We are the bravest singers, and our eyes are open.

I would like to leave you with this...

During my trip home a few weeks ago, my dad and I sat by the cabin that he built this summer, by the lake where I grew up. We made a fire and got real, real drunk, and I made a playlist for the evening of songs that I like (I hoped he would like them, too). There is something a little dubious about an iPod by a lakeside cabin, but the future is now.

The Beatles - Long, Long, Long
I have played music for 13 years, listened seriously all my life, and it wasn't until a couple months ago that I got into the White Album. As with most Beatles, I can take or leave a lot of the album, but this sticks out, and it's beautiful, and I love the harmonies, and the organ swell at the end.

Wilco and Billy Bragg - Ingrid Bergman
I saw the Hitchcock film Spellbound last month (with Ingrid Bergman in the starring spot, along with Gregory Peck), and I was reminded of this song. Mike from Birds and Batteries played this at an early show in SF, and I hadn't heard it before. I fell in love with the song, and maybe Ingrid Bergman, too.

Bob Dylan and the Band - Ain't No More Cane
It's a sweet old-timey song with incredible harmonies, and accordian, and Rick Danko's heartbreaker voice.

David Crosby - Laughing
The song that made me want to learn pedal steel, with David Crosby basically playing with a pick-up Grateful Dead. Consistently in my top 5 favorite songs, it's another Crosby tune about "what was going on," but this is unbelievably gorgeous, and makes me think California is beautiful.

Neil Young - Out on the Weekend
The song I listen to when Liz is away. Neil Young writes some of the loneliest, most heartbroken songs, and this is one of my favorites. Oh, and the way the chords stay static in the chorus, with pedal steel, and the Harvest drum sound, and how the song falls together... I've been after this sound since my dad played this tape in the car on the way to vacation when I was a kid.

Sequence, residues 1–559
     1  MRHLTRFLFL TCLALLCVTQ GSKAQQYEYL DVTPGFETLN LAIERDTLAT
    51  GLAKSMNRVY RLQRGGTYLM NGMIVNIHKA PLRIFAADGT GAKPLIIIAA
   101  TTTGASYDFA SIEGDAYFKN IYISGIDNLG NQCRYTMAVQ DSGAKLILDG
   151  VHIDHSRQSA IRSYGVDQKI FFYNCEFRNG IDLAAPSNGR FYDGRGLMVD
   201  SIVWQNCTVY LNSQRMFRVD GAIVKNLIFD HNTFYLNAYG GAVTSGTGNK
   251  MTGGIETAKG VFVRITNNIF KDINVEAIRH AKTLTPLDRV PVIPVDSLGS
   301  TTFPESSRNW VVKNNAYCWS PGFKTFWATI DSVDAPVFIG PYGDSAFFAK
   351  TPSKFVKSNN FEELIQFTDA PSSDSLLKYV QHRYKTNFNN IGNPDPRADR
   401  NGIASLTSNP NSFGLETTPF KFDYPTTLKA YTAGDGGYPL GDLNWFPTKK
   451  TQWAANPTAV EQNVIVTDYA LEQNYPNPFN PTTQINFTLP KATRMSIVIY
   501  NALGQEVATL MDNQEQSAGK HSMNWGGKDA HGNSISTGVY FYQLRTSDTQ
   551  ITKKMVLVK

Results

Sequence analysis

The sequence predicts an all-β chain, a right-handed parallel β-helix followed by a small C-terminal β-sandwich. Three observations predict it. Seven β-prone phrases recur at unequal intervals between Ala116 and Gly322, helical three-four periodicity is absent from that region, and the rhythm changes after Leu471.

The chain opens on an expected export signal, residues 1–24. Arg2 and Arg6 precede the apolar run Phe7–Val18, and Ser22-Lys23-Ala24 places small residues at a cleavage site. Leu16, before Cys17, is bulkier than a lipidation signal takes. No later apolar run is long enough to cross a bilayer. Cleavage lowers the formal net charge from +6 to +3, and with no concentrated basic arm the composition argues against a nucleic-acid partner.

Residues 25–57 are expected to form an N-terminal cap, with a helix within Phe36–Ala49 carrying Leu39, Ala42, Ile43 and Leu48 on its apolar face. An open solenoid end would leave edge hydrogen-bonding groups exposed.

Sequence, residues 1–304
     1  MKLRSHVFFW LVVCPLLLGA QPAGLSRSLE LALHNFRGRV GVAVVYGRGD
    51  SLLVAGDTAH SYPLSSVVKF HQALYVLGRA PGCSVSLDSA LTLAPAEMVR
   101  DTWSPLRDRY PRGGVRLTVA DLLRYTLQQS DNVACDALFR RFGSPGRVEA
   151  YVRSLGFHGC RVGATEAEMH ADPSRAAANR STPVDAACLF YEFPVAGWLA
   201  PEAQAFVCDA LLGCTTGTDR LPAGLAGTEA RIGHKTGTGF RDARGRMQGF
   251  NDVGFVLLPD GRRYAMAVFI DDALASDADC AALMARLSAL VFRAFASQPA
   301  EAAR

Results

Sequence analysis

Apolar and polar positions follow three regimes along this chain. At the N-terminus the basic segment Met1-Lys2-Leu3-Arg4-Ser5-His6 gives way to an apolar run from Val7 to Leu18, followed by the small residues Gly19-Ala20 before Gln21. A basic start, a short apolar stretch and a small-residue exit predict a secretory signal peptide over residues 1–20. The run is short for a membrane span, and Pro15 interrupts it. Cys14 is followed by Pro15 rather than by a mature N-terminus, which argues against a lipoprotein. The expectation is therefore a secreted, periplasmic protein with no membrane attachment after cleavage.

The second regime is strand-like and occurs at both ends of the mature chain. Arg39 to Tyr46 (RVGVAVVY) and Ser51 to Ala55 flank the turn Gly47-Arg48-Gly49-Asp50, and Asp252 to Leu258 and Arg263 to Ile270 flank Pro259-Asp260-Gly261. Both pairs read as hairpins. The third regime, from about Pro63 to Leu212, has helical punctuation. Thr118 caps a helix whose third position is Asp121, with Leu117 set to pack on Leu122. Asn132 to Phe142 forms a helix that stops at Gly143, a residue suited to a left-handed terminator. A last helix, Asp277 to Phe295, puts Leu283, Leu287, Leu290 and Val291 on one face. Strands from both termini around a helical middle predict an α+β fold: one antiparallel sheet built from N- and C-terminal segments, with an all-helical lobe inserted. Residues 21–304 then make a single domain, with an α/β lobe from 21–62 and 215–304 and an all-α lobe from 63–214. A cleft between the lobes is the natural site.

Norman and Nancy Blake - G Medley: Grean Leaf Fancy/Fields of November/Fort Smith
When I think of American music, a lot of times it sounds like this. Fiddle and cello and open, open chords that ring. This reminds me of the Ken Burns Civil War documentary (which I obsessively watched when I was a kid).

Paul Simon - Duncan
"Just thanking the Lord for my fingers."

Rolling Stones - Torn and Frayed
From Exile on Main Street, one of my favorite Stones country jams.

Spoon - Towner
For the way the vocals come in sort of breathless then scream, and cool sounds all over the place, and the guitars.

Steve Earle - Ft. Worth Blues
I heard this song first on a tribute to Townes Van Zandt on Austin City Limits. Steve Earle played this by himself. Our buddy Mike died in Iraq a couple months ago, and I played this at his memorial. Two weeks ago, I was at a bluegrass festival and Steve Earle played this out of 3 or 4 songs in a song writers circle. What the crap are the odds? I was standing with my buddy Cameron, and we just stared and almost cried.

Tom Petty - Here Comes My Girl
If you've ever loved a girl...

Wilco - The High Heat
From the Wilco Book. This didn't make it on to A Ghost is Born. The arrangement of the song is out-there, and the lyrics are beautiful, too. I like the crazy, off-time break down in the middle.

Willie Nelson - Time of the Preacher Theme
I used to listen to Red-Headed Stranger with my family a lot when I was a kid, and his voice still amazes.

Randy Newman - Memo to My Son
Probably my favorite song.

Read The Rest of This Week's Mutiny:
Joe's Introduction
Band Intro

Previous Versions of The Midweek Mutiny:
What Is This?
Faster Faster Harder Harder